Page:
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Several factors led to SGI decline

The company says it will reorganize its business lines and adopt Windows NT for its workstations, but recovery will not be easy.

Manufacturing problems, news leaks about upcoming products, a failure to anticipate customer demand, and competition from NT workstations all contributed to the problems Silicon Graphics (SGI) now faces, say analysts and company insiders.

And while SGI has said it will reorganize its business lines and adopt Windows NT for its workstations, recovery will not be easy.

"It's a slippery slope for these guys," commented Tom Rhinelander, computer analyst at Forrester Research.

While the emergence of Intel-based workstations running the Windows NT operating system has largely been identified as the cause of SGI's decline, the beginning of the company's problems can be traced back to manufacturing and marketing failures that started in early 1996, according to Peter ffoulkes, workstation analyst with Dataquest.

During this period, the products that emerged from SGI performed well: The problem was that they weren't well timed to customer demand.

SGI's first problem emerged in January of last year with the release of the MIPS R5000 and R10000 processors, said ffoulkes. MIPS, which is owned by SGI, announced the new processors earlier than originally planned to counter the release of UltraSparc processors from competitor Sun in late 1995. While SGI was able to incorporate the R5000 into entry-level workstations early, it could not deliver enough of the R10000 products, thereby squelching some demand.

"They were announced early and then disappointed when they couldn't deliver," said ffoulkes.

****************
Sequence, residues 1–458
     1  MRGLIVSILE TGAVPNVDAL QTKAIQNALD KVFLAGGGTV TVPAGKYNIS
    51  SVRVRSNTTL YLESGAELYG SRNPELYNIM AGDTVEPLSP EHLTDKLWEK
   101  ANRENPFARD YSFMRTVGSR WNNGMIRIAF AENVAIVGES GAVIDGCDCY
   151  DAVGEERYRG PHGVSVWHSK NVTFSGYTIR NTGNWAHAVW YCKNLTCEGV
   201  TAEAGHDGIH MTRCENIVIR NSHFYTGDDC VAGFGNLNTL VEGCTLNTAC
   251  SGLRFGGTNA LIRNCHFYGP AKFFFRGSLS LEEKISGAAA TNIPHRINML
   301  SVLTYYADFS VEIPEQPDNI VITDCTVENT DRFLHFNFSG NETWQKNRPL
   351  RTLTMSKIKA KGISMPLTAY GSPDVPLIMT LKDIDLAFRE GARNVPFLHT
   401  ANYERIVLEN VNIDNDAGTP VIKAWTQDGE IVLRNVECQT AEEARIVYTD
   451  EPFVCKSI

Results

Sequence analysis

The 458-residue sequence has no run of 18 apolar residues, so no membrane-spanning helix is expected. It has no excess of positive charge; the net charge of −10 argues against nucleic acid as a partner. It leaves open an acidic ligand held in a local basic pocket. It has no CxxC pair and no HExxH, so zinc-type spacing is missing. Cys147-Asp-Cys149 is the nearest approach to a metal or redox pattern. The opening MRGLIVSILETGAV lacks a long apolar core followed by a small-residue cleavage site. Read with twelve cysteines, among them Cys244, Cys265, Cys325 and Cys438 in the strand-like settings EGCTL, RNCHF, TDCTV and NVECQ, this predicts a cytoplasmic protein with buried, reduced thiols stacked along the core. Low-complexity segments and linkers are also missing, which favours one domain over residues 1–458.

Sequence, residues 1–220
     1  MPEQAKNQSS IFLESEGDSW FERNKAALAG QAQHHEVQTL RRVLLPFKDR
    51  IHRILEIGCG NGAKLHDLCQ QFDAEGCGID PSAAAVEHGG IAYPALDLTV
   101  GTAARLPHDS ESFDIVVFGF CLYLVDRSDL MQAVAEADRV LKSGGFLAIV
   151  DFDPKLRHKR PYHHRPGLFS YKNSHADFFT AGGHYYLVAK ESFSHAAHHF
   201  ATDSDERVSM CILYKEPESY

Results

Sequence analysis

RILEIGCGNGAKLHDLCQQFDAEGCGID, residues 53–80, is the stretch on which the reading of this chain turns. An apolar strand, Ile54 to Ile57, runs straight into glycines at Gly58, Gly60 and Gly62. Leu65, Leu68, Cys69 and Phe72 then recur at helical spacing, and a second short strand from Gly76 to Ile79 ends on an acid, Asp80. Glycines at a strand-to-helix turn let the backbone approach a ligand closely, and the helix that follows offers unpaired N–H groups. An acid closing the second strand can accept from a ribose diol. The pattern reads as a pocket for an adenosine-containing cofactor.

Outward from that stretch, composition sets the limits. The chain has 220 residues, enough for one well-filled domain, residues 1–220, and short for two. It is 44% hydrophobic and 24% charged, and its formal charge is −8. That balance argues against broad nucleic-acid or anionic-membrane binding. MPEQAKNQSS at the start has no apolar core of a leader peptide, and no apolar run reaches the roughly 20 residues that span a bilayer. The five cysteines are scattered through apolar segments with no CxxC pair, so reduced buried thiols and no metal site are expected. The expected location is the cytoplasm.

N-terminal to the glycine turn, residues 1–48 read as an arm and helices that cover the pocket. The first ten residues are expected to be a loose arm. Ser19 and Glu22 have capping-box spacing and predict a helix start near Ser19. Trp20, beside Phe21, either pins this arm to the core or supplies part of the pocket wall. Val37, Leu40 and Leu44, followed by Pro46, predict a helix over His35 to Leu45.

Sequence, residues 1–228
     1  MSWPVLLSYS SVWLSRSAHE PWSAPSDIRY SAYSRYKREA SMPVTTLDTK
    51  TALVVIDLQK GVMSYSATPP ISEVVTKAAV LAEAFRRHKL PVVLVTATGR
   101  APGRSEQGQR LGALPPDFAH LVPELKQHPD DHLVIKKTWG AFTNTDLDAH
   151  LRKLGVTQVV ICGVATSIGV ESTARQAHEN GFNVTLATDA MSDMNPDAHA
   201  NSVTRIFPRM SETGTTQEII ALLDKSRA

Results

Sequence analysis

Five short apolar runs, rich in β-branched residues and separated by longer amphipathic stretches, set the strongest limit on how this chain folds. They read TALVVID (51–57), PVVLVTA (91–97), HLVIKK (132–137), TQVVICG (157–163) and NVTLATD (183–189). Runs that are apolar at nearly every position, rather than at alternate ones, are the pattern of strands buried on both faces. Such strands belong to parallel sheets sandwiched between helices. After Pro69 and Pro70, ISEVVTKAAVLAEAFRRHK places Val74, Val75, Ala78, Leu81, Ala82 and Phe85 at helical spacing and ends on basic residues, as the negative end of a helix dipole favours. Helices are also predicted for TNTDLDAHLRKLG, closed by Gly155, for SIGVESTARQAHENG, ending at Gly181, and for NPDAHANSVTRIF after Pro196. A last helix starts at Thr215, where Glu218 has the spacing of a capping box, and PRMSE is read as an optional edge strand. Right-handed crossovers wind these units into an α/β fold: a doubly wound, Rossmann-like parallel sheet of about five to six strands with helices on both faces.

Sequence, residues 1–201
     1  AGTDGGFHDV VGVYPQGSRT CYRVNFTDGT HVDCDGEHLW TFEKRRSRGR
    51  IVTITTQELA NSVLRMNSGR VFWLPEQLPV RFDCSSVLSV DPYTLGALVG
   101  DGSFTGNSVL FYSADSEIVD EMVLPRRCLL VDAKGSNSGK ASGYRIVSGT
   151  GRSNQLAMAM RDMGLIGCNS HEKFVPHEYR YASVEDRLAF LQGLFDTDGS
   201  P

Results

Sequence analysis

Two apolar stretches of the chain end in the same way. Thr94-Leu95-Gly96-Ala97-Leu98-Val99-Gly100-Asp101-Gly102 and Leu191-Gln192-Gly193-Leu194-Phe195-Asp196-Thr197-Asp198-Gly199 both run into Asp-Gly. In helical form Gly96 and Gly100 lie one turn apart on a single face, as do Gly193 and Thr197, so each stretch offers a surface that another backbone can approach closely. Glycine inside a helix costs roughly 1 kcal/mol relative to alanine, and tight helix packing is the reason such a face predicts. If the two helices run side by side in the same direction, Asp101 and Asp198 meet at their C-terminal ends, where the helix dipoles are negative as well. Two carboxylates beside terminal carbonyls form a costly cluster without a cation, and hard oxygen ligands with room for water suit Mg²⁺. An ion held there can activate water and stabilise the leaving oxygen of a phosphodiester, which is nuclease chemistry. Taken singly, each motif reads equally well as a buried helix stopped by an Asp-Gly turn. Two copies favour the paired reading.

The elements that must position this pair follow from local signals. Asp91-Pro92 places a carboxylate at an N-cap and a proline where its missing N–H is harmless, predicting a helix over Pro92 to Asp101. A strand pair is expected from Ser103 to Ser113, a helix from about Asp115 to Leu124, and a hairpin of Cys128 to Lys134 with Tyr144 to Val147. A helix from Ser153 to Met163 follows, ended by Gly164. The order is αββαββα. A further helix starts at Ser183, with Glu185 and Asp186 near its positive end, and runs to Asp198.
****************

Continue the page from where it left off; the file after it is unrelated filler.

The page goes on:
Ironically, while still dealing with a shortfall, in September the company had to issue a recall of R10000 chips made between March and June due to a manufacturing flaw.

Then came October 7, 1996, a day that will live in infamy at SGI. On that day that SGI introduced a completely new generation of products, including the relatively affordable O2 workstations, the Origin servers, and the Onyx2 high-performance visualization supercomputer, among other products.

While the products themselves were highly regarded and continue to be so, SGI's rollout negatively impacted the company's balance sheet, said ffoulkes and sources close to the company. Pre-release publicity about the new products had caused customers to delay purchases during the summer, which caused revenues to dive. Then, after the products were released, SGI could not produce enough of certain models, ensuring another dismal quarter.

SGI CEO Ed McCracken at the time chalked up the company's dismal performance in the second half of 1996 to this whipsaw effect of customer anticipation and demand.

During this time, NT workstations from Compaq, Hewlett-Packard, and others were rapidly catching on in the market. "It was something they should have seen coming, but didn't," said ffoulkes. "They didn't read trends in the market," he said.

To recover, the company will have to carve out a niche for itself in the Windows NT market, which won't be easy. SGI, for one, won't even be coming out with its first NT workstations until at least July 1998 under its current development calendar.

A number of vendors are already selling fairly high-performance NT workstations with strong graphics capabilities, pointed out Rhinelander, making it a competitive market. "Your job is staying one step ahead of Compaq and HP," he said.

Although SGI has said it will continue to develop and sell high-end servers based on Unix, Rhinelander does not see great potential for a company turnaround in that market. Sun has become the premier Unix vendor, and the market is not growing substantially.

"The competitor to NT on the Unix side is Solaris. Irix [SGI's version of Unix] is kind of a has-been," he said.

"They have good products, but they have to turn their business around," said ffoulkes.